Reinstate Dr Weliange plead Rajarata University students | Sunday Observer

Reinstate Dr Weliange plead Rajarata University students

By Aanya Wipulasena
By Aanya Wipulasena

It took 20 years to do the research and another four years to compile all the collected information into a book. When Thrilokawijeya was finally launched in August 2016 it was praised by many. Why? Because for the first time in Sri Lanka an academic tirelessly collected indigenous and almost forgotten literature about medicinal use of cannabis in the country.

But little did its author Dr. Wasantha Sena Weliange know then that the book would cost his job as a lecturer at the University of Rajarata.

Early this month Dr. Weliange was dismissed from service without a valid reason. It is evident that two petitions filed by his colleagues were at the bottom of the sudden dismissal.

Dr. Weliange joined the University of Rajarata in December 2017- about a year after the launch of Thrilokawijeya as a temporary lecturer, a six months appointment. His services were extended several times till he completed two years of service. The interview that was scheduled to be held to recruit him into the permanent cadre was delayed due mostly to political movements within state-run universities.

During this time, Dr. Weliange’s counterparts at the university filed two separate petitions against him. One was in 2018 when he delivered a speech at an event organised by the Central Cultural Fund at the Polonnaruwa Museum and the second was filed in the end of the same year over a song he chose to sing at a peduru party. The former reflected the disapproval of using the university address when the author cum lecturer signed for the Central Cultural Fund speech, and the latter expressed the lecturers’ wrath on Thriloka- a teledrama song. Jeewithe raga thale athata payata kohenda enne. Ahasinda? Ahase piyasalana wala pelata desa thiyanne. Muhudenda?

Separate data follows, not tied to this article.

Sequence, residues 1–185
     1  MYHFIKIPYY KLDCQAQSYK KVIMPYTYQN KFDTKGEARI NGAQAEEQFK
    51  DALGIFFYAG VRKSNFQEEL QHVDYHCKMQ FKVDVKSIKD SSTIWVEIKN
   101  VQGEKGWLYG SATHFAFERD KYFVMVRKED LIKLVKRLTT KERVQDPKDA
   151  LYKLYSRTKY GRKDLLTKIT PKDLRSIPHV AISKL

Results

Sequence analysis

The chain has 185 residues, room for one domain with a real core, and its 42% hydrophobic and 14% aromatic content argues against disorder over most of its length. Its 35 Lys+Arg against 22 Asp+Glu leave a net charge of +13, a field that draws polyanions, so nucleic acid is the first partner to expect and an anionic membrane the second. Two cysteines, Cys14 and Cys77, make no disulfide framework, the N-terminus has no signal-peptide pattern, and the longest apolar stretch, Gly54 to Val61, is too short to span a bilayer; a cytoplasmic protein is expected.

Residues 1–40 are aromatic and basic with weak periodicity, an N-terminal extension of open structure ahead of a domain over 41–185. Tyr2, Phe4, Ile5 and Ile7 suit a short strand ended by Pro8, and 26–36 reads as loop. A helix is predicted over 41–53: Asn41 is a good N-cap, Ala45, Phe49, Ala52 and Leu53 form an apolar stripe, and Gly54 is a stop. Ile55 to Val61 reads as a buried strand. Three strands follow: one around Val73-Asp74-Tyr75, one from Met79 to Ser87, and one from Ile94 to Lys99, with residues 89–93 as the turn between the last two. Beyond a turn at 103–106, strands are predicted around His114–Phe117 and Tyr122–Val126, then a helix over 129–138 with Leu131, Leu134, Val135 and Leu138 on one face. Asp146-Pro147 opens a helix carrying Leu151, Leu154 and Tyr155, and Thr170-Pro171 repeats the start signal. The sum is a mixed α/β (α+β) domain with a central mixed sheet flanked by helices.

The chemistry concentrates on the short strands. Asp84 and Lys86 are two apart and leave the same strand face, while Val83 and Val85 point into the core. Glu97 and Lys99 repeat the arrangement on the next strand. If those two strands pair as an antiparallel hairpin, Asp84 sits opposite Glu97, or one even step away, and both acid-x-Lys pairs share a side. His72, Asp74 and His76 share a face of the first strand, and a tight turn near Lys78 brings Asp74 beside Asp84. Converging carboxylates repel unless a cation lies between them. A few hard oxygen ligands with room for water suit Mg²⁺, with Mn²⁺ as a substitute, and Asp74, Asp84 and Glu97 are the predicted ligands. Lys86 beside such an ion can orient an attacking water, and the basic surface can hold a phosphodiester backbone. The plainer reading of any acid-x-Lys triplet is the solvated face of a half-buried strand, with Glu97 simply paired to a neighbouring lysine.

Dr. Weliange would have asked if the petition didn’t oppose the usage of the song at a university event alleging it promoted cannabis usage. So instead he sang Kotu keli soyala, paranal kola genalla, thalayakata thiyala, podi kurulu geyak hadala. He was praised for his musical talents. Now he is dismissed from work. The group of lecturers who worked against him claim that his teachings contradict with the anti-alcohol and drug campaigns promoted in the university.

“This sadly shows that our university lecturers are not updated with recent knowledge or emerging research,” Dr. Weliange said. “This is a pathetic situation. Our scientists and lecturers only know what is said in the syllabus and not anything else.”

Canada became the first major country to legalise cannabis, also known as marijuana, for adults last year. Uruguay followed suit. And ever since other nations such as New Zealand and Mexico are revisiting their laws.

Dr. Weliange’s book does not call for a legalisation of cannabis on a national level nor does it encourage university students to smoke, instead it gives an insight into how ancestors used it to cure various deceases and conditions. He managed to unearth historic literature and modern findings.

His dismissal from service has aggravated his students. Speaking to the Sunday Observer member of the main student union at the University of Rajarata, Wasantha Mudalige said his peers are discussing about ways to call for an intervention by relevant authorities in order to recruit Dr. Weliange again.

“He was a good lecturer. He moved with the students and understood what they were going through. He was also there in every kala event”, Mudalige said. The student union member strongly believes that universities need to be more open to different types of researches.

Sri Lanka is open for researches on subjects that are mostly hidden behind curtains. When Professor of Sociology and Anthropology at the Sri Jayawardenapura University Nandasena Ratnapala did research into beggars and sex workers his work was praised.

The students are planning to meet the Vice Chancellor to discuss the matter.

The Sunday Observer’s several attempts to contact the Chairman of the University Grants Commission for a comment regarding Dr. Weliange’s dismissal proved futile.

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